At the urging of his senior staff, Secretary Kissinger approved the proposal and we became the first foreign ministry in the world to adopt the principle that a nation’s treatment of its citizens was as much a matter of international concern as were its foreign policies.
I was proud of this achievement. Publicly, the American image on human rights improved considerably. Discussion of the Helsinki proposals had surprisingly resulted in strong language both on human rights and national sovereignty which the Soviets had not been expected to approve.
Soviet motives had probably been based more on the urgent need to conclude arms control agreements with the West than on any interest in human rights. But for the West, what became known as the Helsinki Final Act remains to this day the best international definition of modern civil society ever agreed.
Unfortunately, I soon learned firsthand that for Henry Kissinger, human rights issues were more complicated than I had expected.
At the Ottawa meeting of NATO Foreign Ministers on June 19, 1975, perhaps burdened by the many other issues facing him in the Middle East and elsewhere, Secretary Kissinger seemed to abandon our recent initiatives by warning against too strong an emphasis on human rights in the Summit Declaration which was to be issued in Helsinki two months later.
He suggested that the Helsinki Final Act would be little more than a piece of paper, soon to be forgotten, while détente and arms control were real things which must be protected.
Not wanting to abandon our project, I wrote, together with the European Bureau of the State Department, a long policy recommendation aimed at demonstrating for the Secretary how a strong human rights policy could advance U.S. political and security interests.
Since I was proud of this proposal, I was much taken aback by Kissinger’s reaction, hand-written hastily on the original memorandum: “No. there will be no human rights strategy or emphasis on human rights after signature in Helsinki. I want no further action on this issue.”
We puzzled for some time about this reaction. With so much going on with the Soviets, Chinese and in the Middle East, it was not difficult to surmise that the Secretary wanted no interference from idealistic concepts of human rights.
But the counter reaction to his rejection of an active human rights strategy was felt a year later during the Presidential campaign. The Carter campaign made a central issue of Kissinger’s “amoral” foreign policy, and scored debating points on Gerald Ford, who seemed to have been poorly briefed on the issues. Ironically, once Carter took office, I was branded by his new and idealistic human rights team as a supporter of the Kissinger approach.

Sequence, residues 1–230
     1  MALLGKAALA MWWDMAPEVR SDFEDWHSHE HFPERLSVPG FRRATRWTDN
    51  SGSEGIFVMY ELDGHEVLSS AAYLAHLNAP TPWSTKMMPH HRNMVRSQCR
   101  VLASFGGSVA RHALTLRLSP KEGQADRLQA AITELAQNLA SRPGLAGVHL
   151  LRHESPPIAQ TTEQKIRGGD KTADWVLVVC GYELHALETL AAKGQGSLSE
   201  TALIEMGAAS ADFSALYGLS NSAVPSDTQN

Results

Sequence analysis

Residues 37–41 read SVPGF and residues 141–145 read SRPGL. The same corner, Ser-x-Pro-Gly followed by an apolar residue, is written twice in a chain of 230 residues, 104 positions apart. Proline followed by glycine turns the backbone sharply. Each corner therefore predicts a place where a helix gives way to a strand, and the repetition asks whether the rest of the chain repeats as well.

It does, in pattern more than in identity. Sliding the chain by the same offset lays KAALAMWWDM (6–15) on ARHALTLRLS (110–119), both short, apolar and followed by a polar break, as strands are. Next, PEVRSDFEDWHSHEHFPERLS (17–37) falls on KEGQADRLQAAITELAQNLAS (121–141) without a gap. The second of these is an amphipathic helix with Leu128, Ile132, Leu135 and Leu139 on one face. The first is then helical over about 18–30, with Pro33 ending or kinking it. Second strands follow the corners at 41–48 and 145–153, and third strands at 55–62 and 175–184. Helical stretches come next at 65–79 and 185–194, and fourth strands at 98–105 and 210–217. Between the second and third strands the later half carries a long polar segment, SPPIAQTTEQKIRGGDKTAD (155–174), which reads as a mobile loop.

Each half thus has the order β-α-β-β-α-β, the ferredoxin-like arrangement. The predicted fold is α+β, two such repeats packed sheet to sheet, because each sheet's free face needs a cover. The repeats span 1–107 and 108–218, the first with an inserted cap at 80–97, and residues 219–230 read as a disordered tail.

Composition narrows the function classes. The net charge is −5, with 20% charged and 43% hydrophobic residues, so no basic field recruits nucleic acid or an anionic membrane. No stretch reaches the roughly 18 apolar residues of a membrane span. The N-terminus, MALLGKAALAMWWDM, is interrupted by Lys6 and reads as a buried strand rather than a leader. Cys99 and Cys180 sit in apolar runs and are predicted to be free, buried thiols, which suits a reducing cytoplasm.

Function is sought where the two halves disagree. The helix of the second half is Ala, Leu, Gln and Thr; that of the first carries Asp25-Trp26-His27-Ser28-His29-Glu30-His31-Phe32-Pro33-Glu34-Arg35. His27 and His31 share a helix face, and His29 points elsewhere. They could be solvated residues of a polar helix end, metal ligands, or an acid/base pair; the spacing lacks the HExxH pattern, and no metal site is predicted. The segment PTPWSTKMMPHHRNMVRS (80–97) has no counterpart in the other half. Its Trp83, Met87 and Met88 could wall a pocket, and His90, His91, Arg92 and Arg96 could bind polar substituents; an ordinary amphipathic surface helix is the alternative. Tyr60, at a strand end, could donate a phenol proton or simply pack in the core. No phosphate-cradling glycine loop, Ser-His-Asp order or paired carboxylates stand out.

Twenty years later, Russia’s first post-Soviet Foreign minister, Andrey Kozyrev, suggested that “the Helsinki Act was more important in achieving the end of the Soviet Union than all of NATO’s forces together.”
Kissinger, by the way, became a strong supporter of the Helsinki process. But especially in the United States, he is remembered as an opponent of the strong human rights policy praised by Kozyrev.
Ostpolitik is Born
Ironically, Egon Bahr, the author of Germany’s historic opening to the East, argued that much of the credit for Willy Brandt’s famous Ostpolitikbelonged to the United States, particularly President Kennedy.
Bahr stressed to me in numerous private conversations that Kennedy’s most important effect on Germany’s future was not his famous “Ich bin ein Berliner” speech on June 26, 1963, but an earlier speech presented at American University in Washington on June 12 of the same year.
Kennedy’s legendary speech writer, Theodore Sorensen, has written that he considers the American University address to be the best speech delivered by Kennedy in his three years in office. According to Sorensen, it was written almost totally by Kennedy himself, and reflected a major turn in Kennedy’s view of the world.
The central thesis of the speech was that after the near disaster of the Cuban missile crisis, the time had come to build peace with the Soviet Union through dialogue on issues of common interest. His first example was a nuclear test ban treaty, which actually was realized after Kennedy’s death.
When the politically savvy Willy Brandt became German Foreign Minister in the fall of 1966, he understood that he could not expect full Western support for his ideas as long as the situation in Berlin remained an open sore in Europe. He began talking publicly about the need for progress in Berlin, and at the traditional Quadripartite Dinner held on the fringes of the June, 1968 NATO Ministerial in Washington proposed “soundings” with the Soviets on prospects for progress in the divided city.
success of this strategy was initially based on an agreement which focused on minute details affecting the continuing occupation of Germany’s capital, Berlin.
After the tribulations of Vietnam, Nixon and Kissinger entered office in 1969 convinced of the necessity to find a new basis in relations with both the Soviet Union and allies in Europe.
They were two very different characters. But they somehow formed what Kissinger has called a “fortuitous combination,” which was able to steer a re-definition of America’s global diplomacy.
The resulting more pragmatic strategy influenced Western diplomacy over the next two decades and ultimately helped end the Cold War.
Thus, it is no surprise that Nixon struck a note that we still hear today. In his inaugural address, the newly elected President stressed the importance of NATO and the Atlantic community as the foundation of American leadership.
But he also made clear the need for a new type of relationship in which the European Allies did more to support the common defense, which served as a foundation for efforts to build peace in Europe. And as a first step in this direction, he announced that he would visit Europe in the second month of his tenure in office.